Thursday, January 7, 2021

Bradley Rust Gray | Hitch

in the murk

by Douglas Messerli

Bradley Rust Gray (writer and director) Hitch / 1999

Bradley Rust Gray’s 1999 short film (18 ½ minutes) is purposefully “murky” on all levels. Two friends, pretending to be cowboys, are on their way cross country from nowhere to somewhere—we’re never told where they're headed—in a kind of languid hurry, at least if we are to believe the early morning wake-ups by Porp (Jason Herman). Evidently the other, far more handsome friend, Jason (Drew Wood) has a girlfriend waiting.

     Presumably, Porp, with green fingernail polish, is gay, while Jason is straight; at least that’s what we can surmise by Jason’s accusation of Porp having fucked a guy they previously picked up, having as evidence found a condom in the back. Porp, on the other hand, asks Jason if he fucked a woman, evidently at a truck stop, “in the ass,” claiming that he fucked a girl named Jackie anally, while denying having sex with their hitchhiker. In another words, even if he’s gay, Porp is evidently not comfortable talking about it. He even buys a copy of Playboy for his friend so that he won’t have to think so much when jacking off. 

      There are two nighttime scenes at the center of this film in which we can barely see given the purposely poor lighting of the flick. But presumably in the first Porp is jacking off alone, rather enjoying it, while the second time around, Porp’s green painted fingernails seem to have found their way into Jason’s pants giving him a great deal of nighttime pleasure.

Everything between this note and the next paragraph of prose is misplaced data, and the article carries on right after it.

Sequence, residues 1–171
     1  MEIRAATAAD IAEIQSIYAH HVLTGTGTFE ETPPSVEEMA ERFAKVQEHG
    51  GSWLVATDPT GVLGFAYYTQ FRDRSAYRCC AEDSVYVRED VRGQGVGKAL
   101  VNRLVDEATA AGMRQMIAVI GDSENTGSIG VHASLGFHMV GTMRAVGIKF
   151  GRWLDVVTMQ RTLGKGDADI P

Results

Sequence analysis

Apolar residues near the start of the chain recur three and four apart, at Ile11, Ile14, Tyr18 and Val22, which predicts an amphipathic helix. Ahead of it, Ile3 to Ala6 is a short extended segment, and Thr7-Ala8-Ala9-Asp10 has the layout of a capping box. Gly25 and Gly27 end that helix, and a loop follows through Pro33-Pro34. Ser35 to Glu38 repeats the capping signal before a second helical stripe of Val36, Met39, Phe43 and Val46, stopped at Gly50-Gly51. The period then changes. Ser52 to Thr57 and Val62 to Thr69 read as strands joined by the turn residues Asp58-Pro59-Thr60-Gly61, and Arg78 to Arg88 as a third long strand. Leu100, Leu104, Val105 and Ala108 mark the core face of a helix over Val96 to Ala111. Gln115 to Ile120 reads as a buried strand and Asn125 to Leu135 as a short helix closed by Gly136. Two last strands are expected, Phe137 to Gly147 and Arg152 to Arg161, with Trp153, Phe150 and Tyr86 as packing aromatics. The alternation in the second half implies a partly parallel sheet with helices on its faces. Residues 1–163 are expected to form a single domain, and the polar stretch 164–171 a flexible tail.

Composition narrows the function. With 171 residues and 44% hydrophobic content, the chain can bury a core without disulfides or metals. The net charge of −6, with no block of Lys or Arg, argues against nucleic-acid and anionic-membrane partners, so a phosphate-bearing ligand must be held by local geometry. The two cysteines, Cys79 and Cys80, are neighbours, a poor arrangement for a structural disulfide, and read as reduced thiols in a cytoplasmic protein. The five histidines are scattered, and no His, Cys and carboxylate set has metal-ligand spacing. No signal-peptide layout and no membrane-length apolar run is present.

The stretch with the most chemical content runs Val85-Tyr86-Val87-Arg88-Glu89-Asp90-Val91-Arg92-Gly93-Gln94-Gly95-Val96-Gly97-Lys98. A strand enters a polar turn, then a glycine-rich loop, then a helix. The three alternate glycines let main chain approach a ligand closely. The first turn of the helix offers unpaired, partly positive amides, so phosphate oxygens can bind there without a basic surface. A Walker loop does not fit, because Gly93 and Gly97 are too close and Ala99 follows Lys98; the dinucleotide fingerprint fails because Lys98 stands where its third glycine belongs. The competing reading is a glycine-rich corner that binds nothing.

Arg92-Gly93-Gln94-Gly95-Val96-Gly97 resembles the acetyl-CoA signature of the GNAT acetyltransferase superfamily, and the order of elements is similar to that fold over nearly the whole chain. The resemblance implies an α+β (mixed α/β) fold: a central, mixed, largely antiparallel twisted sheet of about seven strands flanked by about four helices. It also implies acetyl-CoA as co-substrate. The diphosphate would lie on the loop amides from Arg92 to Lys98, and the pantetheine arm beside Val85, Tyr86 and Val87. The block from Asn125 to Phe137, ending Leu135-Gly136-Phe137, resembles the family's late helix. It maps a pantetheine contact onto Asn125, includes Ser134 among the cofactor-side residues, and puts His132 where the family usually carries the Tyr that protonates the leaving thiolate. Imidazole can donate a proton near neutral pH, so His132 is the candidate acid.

The next morning, while Porp smokes a cigarette a short ways from where they have parked their SUV, Jason walks in a rather wavering and hesitating path over to his friend, asking for a cigarette which, when offered, he slowly extracts from the box, catching a light off Porp’s cig. Porp moves back toward the car, signaling it’s time to again get moving.

       Presumably, we are to comprehend that Jason enjoyed his masturbatory sexual act with Porp, and has somehow now formed an attachment with the other. Do we care? Does it even matter? This film so tiptoes around any issue of sexual or interpersonal communication between these two that it might as well have featured two teenage boys jacking off on a couch to a heterosexual porn tape; in fact that might have been of greater interest, particularly if they discovered they liked doing it with one another.

       The presumption is that we might be interested in this encounter simply because it is unlikely, although, as I wrote long ago in my review of Brokeback Mountain we know that lonely men, no matter what their sexual inclinations generally enjoy the company of they’re with if there is none else around to do it with. In that movie at least we knew for certain that Enis Del Mar and Jack Twist definitely “liked it.” In Hitch we can’t even be sure of that! If Jason did in fact enjoy the fit of Prop’s hand around his cock, can we be sure that it was satisfying in any way to Porp? Not knowing anything about anyone in this film seems to be its object. 

       I suppose one might say that this is what being incurably Q is all about. But even those who are intent upon constantly questioning sexual boundaries do it with more energy and determination, I hope, than these two drifters.

Los Angeles, January 6, 2021

Reprinted from My Queer Cinema blog and World Cinema Review (January 2021).


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